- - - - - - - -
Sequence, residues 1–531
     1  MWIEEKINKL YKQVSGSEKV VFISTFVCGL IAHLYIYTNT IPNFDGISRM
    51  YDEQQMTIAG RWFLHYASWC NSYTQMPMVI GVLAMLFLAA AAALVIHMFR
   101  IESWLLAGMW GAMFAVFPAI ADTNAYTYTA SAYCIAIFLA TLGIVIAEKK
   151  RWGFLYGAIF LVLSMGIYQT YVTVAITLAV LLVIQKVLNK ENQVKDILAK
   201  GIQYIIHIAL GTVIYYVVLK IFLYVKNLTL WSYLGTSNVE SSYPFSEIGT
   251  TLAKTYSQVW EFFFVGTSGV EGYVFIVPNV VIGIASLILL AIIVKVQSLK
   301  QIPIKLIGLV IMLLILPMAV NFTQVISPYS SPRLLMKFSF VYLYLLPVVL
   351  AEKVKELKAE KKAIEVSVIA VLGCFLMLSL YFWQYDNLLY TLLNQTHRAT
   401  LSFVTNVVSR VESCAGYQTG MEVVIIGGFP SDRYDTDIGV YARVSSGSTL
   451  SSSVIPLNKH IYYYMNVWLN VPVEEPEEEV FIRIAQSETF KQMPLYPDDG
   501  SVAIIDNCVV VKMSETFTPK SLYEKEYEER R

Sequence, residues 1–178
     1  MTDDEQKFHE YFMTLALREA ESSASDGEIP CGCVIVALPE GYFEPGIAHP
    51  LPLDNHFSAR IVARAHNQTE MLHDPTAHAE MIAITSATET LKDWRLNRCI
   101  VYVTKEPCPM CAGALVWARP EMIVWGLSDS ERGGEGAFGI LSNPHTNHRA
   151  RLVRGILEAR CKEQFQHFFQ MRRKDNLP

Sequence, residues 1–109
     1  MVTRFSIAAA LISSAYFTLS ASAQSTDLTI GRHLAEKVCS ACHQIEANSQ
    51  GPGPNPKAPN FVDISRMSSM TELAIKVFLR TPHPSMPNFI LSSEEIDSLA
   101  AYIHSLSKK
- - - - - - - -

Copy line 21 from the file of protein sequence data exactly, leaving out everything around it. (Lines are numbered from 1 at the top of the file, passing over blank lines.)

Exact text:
   101  AYIHSLSKK